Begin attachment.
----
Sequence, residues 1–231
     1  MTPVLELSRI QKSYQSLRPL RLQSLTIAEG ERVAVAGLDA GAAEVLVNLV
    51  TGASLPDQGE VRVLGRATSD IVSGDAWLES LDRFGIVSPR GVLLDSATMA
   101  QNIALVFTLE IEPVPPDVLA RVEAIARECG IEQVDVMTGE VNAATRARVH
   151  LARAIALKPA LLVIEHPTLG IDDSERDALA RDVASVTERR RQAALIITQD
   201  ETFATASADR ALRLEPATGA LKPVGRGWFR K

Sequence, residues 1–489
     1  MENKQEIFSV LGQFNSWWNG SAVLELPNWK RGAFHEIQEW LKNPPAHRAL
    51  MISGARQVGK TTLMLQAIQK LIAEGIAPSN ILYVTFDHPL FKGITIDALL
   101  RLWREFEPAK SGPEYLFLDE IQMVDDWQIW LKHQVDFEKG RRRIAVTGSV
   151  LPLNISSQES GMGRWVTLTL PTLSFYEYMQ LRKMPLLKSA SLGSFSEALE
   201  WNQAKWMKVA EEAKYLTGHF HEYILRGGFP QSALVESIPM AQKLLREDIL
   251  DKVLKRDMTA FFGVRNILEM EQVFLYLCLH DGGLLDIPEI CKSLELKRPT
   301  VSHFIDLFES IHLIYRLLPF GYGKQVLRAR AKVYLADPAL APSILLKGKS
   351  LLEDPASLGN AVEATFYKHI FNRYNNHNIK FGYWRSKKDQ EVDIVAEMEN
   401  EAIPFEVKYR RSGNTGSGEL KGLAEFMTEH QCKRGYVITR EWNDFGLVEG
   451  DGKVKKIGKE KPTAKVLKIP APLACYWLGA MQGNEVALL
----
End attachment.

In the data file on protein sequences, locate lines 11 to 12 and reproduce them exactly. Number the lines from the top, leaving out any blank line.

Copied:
   151  LPLNISSQES GMGRWVTLTL PTLSFYEYMQ LRKMPLLKSA SLGSFSEALE
   201  WNQAKWMKVA EEAKYLTGHF HEYILRGGFP QSALVESIPM AQKLLREDIL